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Roth IRA


A Roth IRA works differently than a traditional IRA and provides different benefits. First, contributions to a Roth IRA are never tax-deductible. Contributions are made with after-tax dollars. You can leave amounts in your Roth IRA for as long as you live; however, your designated beneficiary will be subject to RMD requirements on the amount inherited. Once certain requirements are met, the contributions and earnings from a Roth IRA are federal income tax-free when withdrawn, allowing you to keep more of your money for retirement.

Who is eligible?

You must have earned income to contribute to a Roth IRA. In addition, you must meet certain income limits.

Qualified vs. nonqualified distributions

Keep in mind that distributions from a Roth IRA must meet certain criteria to qualify for federal income tax-free status. A qualified distribution is any payment or distribution from a Roth IRA that meets the following requirements:

1. It is made after the five-year period beginning with the first taxable year for which a contribution was made to a Roth IRA set up for your benefit, and

2. The payment or distribution is made:

  • a. On or after the date you reach age 59½,
  • b. Because you are disabled,
  • c. To a beneficiary or to your estate after your death, or
  • d. As a qualified first-time homebuyer, up to a maximum lifetime limit of $10,000.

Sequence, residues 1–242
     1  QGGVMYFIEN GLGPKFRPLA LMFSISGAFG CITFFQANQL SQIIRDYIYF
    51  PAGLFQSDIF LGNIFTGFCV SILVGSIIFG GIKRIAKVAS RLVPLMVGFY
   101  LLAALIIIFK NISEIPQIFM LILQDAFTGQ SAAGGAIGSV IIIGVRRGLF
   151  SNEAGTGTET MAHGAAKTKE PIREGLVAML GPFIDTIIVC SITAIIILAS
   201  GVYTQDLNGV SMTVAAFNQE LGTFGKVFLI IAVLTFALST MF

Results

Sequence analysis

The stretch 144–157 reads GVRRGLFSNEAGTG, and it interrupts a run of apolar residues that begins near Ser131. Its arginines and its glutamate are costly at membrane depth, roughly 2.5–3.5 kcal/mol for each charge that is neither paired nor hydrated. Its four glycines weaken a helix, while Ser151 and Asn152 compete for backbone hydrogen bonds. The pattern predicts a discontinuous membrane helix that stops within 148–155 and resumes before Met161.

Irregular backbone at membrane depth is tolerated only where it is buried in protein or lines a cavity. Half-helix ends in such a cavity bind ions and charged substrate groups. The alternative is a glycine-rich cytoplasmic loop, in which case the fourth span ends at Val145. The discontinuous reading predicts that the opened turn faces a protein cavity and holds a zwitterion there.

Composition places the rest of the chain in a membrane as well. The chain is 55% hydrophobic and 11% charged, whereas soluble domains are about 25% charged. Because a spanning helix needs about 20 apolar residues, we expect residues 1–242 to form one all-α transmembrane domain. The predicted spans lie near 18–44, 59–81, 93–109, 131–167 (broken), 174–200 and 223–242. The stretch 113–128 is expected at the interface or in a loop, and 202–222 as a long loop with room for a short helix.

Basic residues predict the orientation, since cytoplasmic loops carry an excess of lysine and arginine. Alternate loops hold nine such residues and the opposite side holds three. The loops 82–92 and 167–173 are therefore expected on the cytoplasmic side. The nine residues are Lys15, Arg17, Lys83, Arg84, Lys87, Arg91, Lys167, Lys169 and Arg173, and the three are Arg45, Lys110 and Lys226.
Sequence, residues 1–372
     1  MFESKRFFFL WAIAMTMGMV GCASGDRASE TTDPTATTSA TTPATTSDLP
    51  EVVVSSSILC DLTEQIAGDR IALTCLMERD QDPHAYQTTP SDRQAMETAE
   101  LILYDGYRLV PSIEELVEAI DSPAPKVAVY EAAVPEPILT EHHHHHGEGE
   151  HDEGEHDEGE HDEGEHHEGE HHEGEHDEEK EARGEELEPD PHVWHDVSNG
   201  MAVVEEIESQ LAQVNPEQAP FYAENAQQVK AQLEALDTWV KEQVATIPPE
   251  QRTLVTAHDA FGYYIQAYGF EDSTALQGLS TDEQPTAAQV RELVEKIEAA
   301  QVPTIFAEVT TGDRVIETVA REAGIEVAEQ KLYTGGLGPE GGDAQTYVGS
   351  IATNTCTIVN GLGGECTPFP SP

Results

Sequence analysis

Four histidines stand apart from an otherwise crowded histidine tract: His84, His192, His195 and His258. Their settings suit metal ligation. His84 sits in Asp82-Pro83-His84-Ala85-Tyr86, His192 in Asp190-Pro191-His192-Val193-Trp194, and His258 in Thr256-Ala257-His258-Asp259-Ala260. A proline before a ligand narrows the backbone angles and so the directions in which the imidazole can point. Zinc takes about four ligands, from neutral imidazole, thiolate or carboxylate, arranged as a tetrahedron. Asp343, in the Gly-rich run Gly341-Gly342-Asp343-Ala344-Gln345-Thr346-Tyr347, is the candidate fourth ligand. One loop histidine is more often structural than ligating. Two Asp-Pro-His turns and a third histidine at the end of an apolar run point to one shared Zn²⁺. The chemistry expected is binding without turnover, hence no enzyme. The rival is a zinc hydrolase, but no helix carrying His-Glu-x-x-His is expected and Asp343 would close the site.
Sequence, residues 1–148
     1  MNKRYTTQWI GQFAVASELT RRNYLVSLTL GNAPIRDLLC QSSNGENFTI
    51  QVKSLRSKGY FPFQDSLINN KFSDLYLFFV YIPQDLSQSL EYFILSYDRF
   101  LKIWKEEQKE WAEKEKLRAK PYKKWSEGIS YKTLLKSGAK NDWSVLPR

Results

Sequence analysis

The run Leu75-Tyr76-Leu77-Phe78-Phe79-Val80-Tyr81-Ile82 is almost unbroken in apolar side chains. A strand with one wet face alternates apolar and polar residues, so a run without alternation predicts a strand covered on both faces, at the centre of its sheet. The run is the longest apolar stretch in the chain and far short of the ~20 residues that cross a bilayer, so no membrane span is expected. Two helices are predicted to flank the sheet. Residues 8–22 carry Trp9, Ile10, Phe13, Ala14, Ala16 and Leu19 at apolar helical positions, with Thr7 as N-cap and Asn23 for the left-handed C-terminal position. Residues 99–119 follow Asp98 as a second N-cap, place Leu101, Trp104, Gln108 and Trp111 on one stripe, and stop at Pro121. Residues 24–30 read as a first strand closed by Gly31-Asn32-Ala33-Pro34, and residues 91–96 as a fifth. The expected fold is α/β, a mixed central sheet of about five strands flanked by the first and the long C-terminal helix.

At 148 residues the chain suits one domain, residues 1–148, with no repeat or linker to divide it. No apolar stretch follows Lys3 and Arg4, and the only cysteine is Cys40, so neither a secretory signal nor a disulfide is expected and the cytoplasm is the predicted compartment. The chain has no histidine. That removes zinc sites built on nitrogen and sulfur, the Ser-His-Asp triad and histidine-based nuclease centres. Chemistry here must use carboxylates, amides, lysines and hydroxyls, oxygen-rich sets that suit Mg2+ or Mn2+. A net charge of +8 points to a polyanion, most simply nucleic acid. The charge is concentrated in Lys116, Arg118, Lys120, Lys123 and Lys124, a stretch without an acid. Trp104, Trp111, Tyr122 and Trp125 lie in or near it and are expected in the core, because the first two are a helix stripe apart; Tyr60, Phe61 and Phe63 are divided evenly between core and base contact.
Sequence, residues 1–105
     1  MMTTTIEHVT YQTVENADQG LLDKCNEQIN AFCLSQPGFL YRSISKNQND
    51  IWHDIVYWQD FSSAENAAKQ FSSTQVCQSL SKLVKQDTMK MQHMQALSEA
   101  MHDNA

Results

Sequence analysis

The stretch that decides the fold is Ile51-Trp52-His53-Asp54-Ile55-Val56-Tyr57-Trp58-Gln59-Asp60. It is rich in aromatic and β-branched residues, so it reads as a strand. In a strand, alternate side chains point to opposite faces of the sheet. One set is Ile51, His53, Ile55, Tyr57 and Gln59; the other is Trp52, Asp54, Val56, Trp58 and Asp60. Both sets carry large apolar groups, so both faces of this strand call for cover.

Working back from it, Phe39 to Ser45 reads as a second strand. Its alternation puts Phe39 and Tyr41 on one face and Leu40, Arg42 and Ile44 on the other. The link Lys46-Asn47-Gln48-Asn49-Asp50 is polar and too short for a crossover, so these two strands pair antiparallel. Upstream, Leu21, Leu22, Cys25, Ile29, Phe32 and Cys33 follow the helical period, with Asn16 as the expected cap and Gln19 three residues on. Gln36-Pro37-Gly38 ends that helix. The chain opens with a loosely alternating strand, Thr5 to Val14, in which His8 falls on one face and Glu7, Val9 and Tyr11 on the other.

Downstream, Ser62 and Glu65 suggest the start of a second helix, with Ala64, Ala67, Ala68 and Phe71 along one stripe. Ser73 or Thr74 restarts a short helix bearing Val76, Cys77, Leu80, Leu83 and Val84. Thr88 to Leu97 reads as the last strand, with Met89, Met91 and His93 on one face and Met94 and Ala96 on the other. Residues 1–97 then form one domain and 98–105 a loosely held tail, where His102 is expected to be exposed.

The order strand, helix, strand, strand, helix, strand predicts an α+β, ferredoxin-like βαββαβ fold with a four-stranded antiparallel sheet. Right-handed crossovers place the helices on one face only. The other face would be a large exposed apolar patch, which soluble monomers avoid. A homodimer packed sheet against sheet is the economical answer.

Taxable income

If you receive a distribution from your Roth IRA that does not meet the IRS definition of a qualified distribution, part of the withdrawal may be taxable. To determine whether any portion of a distribution is taxable, the IRS has established an order in which monies in a Roth IRA are to be distributed:

1. Regular contributions, followed by
2. Conversion or rollover contributions, and finally
3. Earnings

Withdrawals from earnings are subject to income tax and, if made prior to age 59 1⁄2, may be subject to an additional 10% federal income tax. Certain rules apply to conversions and rollovers. Be sure to consult a tax professional when considering Roth IRA withdrawals in any of these situations.

How much can I contribute to a Roth IRA?

Your ability to contribute to a Roth IRA is determined by your taxable compensation for the year. In 2020, your annual contribution limit is generally the lesser of:

• $6,000 or 100% of your taxable compensation for the year — if you are under age 50
• $7,000 or 100% of your taxable compensation for the year — if you are age 50 or older

Roth IRAs offer:

  • Tax-deferred growth — This creates the potential for assets to increase faster than they would in a comparable taxable investment account.
  • Tax-free income — After you have held any Roth IRA for at least five years, withdrawals made after age 591/2 are federal income tax free, including the withdrawal of tax-deferred growth.
  • No RMDs — You will never have to take distributions during your lifetime.